Hard to describe the atmosphere of the train apart from that as part social club part night club (and I guess, also, at the very front part kid’s venue where all the parents brought their Minions (literally dressed as minions from Despicable Me) to chill and be all cool with their roles as parents in Japan’s society), and I won’t go into much of the feeling apart from decent music, the occasional bumping of the train off the tracks, and really you sometimes had no clue where you were relative to everyone else.
On the train time didn’t seem to pass quickly or slowly. I hadn’t checked my watch when we got on so at any given time I had known clue to know when we’d arrive or how far we’d come. Eventually the train slowed, and everyone filtered off. We were literally herded off the platform and through the tiny station where a crowd of people had gathered to greet and take pictures of us all. I felt somewhere between a celebrity and saved hostage. Everyone wanted to see us, but I had no clue why. Not of course, til I got outside and saw the filling dance floor.
It was definitely a new experience to add to the unexpected ones I’ve had in Japan. We basically had a huge party in the station parking lot. Many people cruised across the street to raid the remains of the closing supermarket. I felt I was good for the night, but ran into their backroom to use the toilet. It’s funny, but I could sense a difference in the way people reacted to me. Being Batman kind of gives you this sense of trust or protectiveness, probably along with some sort of invincibility, so it’s pretty good I was staying tame that night. On the whole. I took many a pictures with various people, and even found a tiny Batman (a me of years past?) and accompanying Cat woman. At some point, somehow, I got onto someone’s shoulders, and I’m not quite sure. One of my neighbors went as Gaston from Beauty and the Beast, so I can only assume he was strong enough to hold me. It was during the song Jump (the Kriss Kross one), and I was pumping my hands in the air getting while everyone was getting as high as they could. Pretty sweet moment.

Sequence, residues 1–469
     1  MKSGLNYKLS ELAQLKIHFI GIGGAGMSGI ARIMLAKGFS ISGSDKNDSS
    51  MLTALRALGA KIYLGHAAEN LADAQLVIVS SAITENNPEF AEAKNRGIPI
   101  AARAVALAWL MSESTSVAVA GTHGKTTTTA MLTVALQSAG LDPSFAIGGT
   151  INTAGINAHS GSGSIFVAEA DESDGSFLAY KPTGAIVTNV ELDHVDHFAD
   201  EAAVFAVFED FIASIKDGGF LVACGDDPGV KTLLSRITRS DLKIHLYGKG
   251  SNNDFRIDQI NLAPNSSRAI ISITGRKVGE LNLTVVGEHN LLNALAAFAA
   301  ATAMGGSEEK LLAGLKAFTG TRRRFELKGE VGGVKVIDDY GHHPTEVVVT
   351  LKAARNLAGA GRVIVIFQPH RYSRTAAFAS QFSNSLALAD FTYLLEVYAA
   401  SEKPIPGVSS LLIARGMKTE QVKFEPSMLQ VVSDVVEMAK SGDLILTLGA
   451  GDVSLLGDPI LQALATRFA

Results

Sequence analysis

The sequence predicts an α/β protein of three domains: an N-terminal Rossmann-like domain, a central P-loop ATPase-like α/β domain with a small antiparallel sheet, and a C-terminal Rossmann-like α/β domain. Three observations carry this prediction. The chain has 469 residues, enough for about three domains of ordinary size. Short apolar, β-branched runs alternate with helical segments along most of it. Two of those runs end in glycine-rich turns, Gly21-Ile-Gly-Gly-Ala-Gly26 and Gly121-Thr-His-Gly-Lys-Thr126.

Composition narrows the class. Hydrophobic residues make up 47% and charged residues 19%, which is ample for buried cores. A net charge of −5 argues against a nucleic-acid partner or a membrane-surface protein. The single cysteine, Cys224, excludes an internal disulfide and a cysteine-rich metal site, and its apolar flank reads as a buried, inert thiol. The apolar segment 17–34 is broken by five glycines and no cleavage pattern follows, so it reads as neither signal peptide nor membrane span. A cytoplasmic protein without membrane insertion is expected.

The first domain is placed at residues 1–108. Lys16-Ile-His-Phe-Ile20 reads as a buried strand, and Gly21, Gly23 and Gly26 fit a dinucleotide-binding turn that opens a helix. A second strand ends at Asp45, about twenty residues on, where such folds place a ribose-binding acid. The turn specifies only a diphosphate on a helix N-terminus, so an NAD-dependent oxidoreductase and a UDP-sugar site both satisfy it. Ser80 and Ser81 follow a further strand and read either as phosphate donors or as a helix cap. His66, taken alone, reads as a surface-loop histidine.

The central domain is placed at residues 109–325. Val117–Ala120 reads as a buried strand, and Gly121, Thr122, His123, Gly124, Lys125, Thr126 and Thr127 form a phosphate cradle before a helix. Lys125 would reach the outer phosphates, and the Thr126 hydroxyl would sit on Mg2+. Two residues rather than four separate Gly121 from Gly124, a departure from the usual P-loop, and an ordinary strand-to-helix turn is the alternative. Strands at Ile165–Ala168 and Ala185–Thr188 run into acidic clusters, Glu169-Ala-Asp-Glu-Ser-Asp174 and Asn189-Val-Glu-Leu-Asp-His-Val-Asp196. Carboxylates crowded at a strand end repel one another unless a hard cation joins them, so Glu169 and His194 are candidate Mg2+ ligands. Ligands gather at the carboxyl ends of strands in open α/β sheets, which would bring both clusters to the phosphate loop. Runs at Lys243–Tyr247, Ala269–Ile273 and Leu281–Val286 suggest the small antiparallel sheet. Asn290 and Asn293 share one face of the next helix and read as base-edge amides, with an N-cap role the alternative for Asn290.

Surprisingly the night ended with everything still in tact. I thought for sure the cape wouldn’t make it on the train ride back, but it actually acted well, being slippery enough that anyone who wanted to squeeze past me had no problem. When we made it back to the station and said our goodbyes many people were headed to the after party at a venue nearby. Looking back it probably was a missed out opportunity to meet new people, but I decided to go back with Mac and some the neighbors, thinking two nights out would be pushing it for Monday morning class.